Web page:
August 6th, 2012, 08:38 AM
Migrating from MySQL 5.0 to PostgreSQL db
Currently my company is a x86 Sun/Solaris 10 on Sun servers and using MySQL 5.0 db.
Well the owner/boss has decide after 25 yrs we will no more be a SUN shop. I am new to this company and having 17+ yrs as a DBA ...where I have mostly been a Oracle DBA from (7x to 184.108.40.206 rel), and have also supported MySQL, PostgreSQL, and SQL server 2005 dbs as well. So I was hired to redesign and move them into a new environment in the Linux world.
I believe our direction is to be a x86_64 Linux shop and the flavor of Linux of Red Hat 6 with Red Hat Suite as well on HP Blades, and although we will be upgrading all of our current customers from MySQL 5.0 to 5.1 then on to 5.5, but I am seriously considering moving us to PostgreSQL for all new customer. To me there is alot very much simular between Oracle and PostgreSQL dbs. Oh I know Oracle has a ton of bells and whistles, but you end up paying for them in support and license fees to Oracle corp as well.
So my real question here is how difficult or hard is it to move from MySQL to PostgreSQL dbs. BTW if we do do this we will get support from a company called enterprisedb . I like having support for the RDBMS as well as for the OS and hardware. I would like to hear anyone's feeling and thoughts on this issue and anything else I/we should also consider in this direction.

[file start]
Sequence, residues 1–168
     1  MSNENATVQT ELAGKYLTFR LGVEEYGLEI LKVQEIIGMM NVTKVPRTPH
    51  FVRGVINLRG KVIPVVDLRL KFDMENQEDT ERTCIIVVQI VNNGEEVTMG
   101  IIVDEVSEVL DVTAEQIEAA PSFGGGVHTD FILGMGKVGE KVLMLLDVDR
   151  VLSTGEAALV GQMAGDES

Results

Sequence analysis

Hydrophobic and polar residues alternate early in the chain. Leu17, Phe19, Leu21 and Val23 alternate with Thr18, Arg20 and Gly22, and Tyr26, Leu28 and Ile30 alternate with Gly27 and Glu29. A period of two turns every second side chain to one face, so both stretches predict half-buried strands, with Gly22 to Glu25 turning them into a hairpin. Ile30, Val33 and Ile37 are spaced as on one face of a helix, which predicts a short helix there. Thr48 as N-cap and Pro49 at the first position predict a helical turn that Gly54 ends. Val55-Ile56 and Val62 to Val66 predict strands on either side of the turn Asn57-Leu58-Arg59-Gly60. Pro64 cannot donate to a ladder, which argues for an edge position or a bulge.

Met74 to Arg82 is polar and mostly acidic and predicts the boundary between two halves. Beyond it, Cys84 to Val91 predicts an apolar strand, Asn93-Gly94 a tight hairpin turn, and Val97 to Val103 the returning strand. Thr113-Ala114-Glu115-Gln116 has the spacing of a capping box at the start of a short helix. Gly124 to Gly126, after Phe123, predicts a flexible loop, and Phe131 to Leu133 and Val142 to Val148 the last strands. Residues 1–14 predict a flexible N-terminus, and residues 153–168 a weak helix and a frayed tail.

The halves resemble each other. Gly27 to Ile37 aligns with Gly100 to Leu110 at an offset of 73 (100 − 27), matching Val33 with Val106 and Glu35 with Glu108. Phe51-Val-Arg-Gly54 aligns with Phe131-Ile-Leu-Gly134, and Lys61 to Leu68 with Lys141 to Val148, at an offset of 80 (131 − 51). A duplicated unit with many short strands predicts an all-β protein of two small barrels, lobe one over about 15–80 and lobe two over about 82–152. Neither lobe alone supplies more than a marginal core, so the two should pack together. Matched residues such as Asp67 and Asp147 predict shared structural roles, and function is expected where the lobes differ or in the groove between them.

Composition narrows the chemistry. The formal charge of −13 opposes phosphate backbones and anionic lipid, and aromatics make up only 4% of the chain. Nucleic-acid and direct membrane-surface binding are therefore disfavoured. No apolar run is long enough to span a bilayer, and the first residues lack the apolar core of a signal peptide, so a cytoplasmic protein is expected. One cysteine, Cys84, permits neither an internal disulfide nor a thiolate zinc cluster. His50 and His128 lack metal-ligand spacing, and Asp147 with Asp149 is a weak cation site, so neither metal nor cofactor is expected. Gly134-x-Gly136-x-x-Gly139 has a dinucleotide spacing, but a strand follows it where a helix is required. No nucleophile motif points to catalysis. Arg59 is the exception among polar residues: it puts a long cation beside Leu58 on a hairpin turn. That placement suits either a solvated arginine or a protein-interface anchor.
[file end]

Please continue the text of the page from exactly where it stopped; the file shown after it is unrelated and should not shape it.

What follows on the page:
Thank you in advance!!!
August 7th, 2012, 09:28 AM
If your current application is written using mysql queries then migrating would be a pretty major undertaking from a coding perspective. The query languages are similar, but there are just enough differences between them to virtually guarantee that many of your old queries will not work directly in postgres. A large part of that depends on what database abstraction layer your application code uses (if any).
August 7th, 2012, 10:02 AM
You might want to start here: http://wiki.postgresql.org/wiki/Converting_from_other_Databases_to_PostgreSQL
I will not read nor answer questions where the SQL code is messy and not formatted properly using [code] tags.
Tips on how to ask better questions:
August 7th, 2012, 10:05 AM
To answer your question, they have developed a pretty basic code for the database so that it could be used in any RDBMS that the customer chooses. I for one am pushing that we push to leverage the RDBMS that we use more completely in the future.